Uluru – leaving ~

Tomorrow we leave this place to return home.

It’s about a 3,500km drive.

I think Jennifer and I both need that drive, that space, that time, to absorb these last several days.

I won’t go into any specifics about the Kryon Consciousness Retreat, because some of you might find it alienating and seriously weird.

It was seriously weird.

But also seriously profound in ways I did not expect.

Through his channellings, which are pieces of unscripted oration to rival the best I’ve ever heard, he speaks about issues which confront us all. The big questions of life.

The huge questions of life.

And he does so with wisdom, compassion, and relevance.

Lee Carroll is a rock star.

And the interview he provided for my film was fabulous.

From the PGS film perspective, the trip out here has been very worthwhile. Not only was the interview with Mr. Carroll spectacular, but I also got some wonderful footage up at Utopia with the aboriginal people there – and as well I made some contacts for future filming in the US.

The Retreat finished this evening, which coincided with the World Cup semi final, with Australia playing India. It’s a testament to how seriously I’ve taken this Retreat that I didn’t stay back in my room and watch the game. Instead, during the evening’s events, I kept peaking at my iPhone to check the scores.

(We won, convincingly.)

One of the biggest surprises I’ve had during this time here is that before I came here, I had no idea how strongly I would be affected by Uluru.

Prior to coming here, I thought it was just a gigantic rock in the desert.

But it’s more than that.
Much more.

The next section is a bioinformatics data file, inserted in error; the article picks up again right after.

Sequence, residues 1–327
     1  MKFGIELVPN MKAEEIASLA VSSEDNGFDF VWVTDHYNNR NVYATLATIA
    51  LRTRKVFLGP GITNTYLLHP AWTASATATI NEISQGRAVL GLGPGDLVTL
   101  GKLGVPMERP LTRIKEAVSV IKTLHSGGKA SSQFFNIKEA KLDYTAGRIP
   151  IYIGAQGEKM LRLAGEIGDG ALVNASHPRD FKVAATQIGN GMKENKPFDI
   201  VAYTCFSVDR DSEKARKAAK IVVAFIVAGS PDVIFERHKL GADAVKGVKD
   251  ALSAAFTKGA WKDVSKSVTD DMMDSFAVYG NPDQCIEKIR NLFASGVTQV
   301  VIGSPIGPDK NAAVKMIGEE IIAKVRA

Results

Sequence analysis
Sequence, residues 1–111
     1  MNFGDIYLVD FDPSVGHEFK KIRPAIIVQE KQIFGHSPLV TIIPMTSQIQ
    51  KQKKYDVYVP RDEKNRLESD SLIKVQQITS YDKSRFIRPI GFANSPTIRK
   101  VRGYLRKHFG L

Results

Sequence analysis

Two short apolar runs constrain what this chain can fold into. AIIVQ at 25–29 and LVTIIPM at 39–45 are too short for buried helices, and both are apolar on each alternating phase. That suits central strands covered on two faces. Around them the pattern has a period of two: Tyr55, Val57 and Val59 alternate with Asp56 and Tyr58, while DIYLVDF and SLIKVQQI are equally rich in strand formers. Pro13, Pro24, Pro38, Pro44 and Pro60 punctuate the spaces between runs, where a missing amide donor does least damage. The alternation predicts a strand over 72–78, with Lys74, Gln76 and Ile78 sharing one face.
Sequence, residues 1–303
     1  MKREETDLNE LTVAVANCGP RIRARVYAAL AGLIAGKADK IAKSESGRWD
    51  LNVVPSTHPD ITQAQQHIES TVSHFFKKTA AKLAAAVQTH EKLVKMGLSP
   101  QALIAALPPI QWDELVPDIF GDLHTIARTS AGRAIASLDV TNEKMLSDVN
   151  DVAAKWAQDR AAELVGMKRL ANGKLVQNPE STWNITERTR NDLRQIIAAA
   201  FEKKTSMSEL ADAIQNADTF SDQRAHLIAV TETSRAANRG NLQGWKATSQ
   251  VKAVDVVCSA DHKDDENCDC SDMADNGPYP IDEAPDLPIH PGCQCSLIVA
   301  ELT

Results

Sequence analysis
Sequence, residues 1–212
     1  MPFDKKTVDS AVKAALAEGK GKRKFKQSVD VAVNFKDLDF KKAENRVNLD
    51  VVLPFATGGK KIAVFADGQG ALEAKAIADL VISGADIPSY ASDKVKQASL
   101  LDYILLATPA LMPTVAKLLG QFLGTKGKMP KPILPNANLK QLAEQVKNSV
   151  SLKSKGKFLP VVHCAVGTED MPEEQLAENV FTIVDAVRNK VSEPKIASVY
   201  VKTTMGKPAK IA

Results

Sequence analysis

Much much more.

I think it will resonate with me for a very long time…

Uluru tourist shot

5 thoughts on “Uluru – leaving ~

  1. Open and vulnerable, as always Bill, thanks. I read some of the Kryon website material and it is unusual in some ways, but when you read the part that is about who we are to be, how we are to live, it is really so good.( Of course the Sci FI names of things are a bit weird to me,i really am not into sic fi stuff) But if you can look past that. there is wisdom, the messages hold some real truths. unusual yet interesting. Must be a lot to wrap ones head around.


    • Hi Kathryn – yes it can be a bit alienating at first. Ultimately though he is a modern day evangelist, but without the trappings and constrictions of an organised religion. And at times it is very weird. But today while Jen and I were waiting in the Kulgera bar, waiting for the cops to catch the crazy truck driver (see today’s blog), we talked about it, and I said that if you are prepared to let go of any prior beliefs – things that we’ve been told that are true – and if you’re prepared to expand your view to accept things that right at the moment are a stretch, then it opens you to all sorts of possibilities.

      Lee Carroll says that it’s only about a hundred years ago that science discovered germs. Up until that time, medicos did not know that bateria could cause illness. A hundred years ago. Which in the whole scheme of things is a blink of an eye. So what else is yet to be discovered? What other tightly held beliefs will be found to be a nonsense in years to come?

      That’s what I keep coming back to. Five hundred years ago, we thought the world was flat. We believed that absolutely. I’m starting to question everything we’re told. But perhaps that’s something for a separate post…

      Say hello to Michael for me. Tell him I hope The Wedge is pumping!

      Bill xx

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  2. WOW, what an extraordinary sky!! Safe driving home. I hope you see lots of roos and emus … but at the other side of the fence 🙂 I’ve always loved when a few emus race the car, their feathers flopping about all over the place and their big ‘feet’ smashing into the ground 🙂


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